In Beowulf, the battle with Grendel is set at Heorot, the royal hall of Hrothgar, the Danish king. Prior to Beowulf's encounter with Grendel, the monster had engaged in regular pillaging of Heorot for a considerable length of time (about twelve years, in fact), and he wreaked considerable havoc on Hrothgar's subjects by violently devouring many of them.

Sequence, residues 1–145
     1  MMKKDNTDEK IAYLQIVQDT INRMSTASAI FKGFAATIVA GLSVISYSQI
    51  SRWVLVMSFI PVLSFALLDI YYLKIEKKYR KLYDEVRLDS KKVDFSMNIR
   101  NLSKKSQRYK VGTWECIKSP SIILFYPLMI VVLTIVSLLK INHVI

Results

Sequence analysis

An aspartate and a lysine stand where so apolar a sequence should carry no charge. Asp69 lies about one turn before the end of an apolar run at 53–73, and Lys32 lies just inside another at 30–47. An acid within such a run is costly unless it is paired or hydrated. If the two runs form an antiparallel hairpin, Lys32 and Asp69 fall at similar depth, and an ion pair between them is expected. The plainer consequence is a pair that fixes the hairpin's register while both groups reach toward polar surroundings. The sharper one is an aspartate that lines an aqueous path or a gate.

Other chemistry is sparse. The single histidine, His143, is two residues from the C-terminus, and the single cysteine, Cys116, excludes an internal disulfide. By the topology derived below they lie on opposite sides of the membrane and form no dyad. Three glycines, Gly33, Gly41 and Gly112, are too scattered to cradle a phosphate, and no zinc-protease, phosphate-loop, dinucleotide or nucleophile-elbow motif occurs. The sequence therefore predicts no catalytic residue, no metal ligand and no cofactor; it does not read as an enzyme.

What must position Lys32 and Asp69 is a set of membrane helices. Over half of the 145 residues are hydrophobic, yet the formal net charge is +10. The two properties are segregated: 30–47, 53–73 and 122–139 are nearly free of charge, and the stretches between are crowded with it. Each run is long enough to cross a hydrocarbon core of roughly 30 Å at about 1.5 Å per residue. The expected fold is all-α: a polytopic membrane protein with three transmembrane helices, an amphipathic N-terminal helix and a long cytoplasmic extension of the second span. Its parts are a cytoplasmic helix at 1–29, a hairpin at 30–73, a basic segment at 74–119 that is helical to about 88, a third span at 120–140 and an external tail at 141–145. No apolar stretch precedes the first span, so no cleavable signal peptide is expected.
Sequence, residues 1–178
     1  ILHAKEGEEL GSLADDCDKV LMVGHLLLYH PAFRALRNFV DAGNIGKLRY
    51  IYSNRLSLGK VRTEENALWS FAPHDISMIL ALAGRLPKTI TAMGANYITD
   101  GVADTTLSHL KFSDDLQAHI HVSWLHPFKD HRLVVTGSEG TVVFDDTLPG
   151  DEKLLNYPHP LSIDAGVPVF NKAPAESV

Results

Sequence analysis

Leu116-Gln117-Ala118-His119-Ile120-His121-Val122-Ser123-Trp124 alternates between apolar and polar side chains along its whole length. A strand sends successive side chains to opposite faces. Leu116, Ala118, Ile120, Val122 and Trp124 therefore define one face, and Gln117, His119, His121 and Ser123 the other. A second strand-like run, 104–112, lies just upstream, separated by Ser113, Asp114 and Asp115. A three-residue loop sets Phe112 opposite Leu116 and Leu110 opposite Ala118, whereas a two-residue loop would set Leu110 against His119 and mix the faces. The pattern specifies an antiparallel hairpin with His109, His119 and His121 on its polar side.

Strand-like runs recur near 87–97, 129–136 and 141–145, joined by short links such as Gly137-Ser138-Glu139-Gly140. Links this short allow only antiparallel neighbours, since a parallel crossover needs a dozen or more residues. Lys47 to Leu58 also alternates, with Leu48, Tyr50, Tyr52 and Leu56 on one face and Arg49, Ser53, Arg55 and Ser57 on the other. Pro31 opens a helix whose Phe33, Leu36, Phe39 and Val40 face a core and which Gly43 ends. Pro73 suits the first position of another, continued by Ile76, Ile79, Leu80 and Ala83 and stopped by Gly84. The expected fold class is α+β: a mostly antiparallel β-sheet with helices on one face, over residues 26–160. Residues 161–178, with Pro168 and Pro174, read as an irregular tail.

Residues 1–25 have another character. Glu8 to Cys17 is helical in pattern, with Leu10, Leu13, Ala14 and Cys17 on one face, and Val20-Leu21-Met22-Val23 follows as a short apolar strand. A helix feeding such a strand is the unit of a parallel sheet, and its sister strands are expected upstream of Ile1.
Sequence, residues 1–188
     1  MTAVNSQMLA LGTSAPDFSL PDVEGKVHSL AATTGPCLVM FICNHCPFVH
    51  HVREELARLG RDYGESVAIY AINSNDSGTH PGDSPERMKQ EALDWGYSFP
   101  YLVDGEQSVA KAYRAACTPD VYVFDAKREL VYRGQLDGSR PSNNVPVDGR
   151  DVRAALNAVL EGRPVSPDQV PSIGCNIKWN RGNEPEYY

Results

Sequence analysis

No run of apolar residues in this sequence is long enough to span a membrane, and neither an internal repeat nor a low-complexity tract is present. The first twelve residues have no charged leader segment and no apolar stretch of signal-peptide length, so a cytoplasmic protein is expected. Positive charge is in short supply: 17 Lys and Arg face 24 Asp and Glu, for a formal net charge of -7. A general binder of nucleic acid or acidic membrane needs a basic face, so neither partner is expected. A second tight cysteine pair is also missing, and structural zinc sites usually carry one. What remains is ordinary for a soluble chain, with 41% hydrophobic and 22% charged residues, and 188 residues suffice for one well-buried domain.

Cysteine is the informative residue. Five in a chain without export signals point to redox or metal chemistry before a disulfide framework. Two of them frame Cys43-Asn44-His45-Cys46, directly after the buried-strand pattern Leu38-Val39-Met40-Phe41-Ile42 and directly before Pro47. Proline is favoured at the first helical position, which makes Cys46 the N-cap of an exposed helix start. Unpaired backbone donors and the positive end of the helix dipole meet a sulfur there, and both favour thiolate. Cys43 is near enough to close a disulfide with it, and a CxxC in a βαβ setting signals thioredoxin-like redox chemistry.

The fact that Beowulf fights and defeats Grendel at Heorot is significant. Heorot can be seen to represent civilized order in the midst of wilderness, while Grendel can be seen as the chaotic force attempting to topple said civilization. As such, the fact that Beowulf defeats Grendel at Heorot signifies the return of established order in the face of chaos and disorder. Of course, Beowulf's efforts have only begun after his defeat of Grendel (he still has to face Grendel's mother and the dragon), but his battle at Heorot is his first major victory in the epic.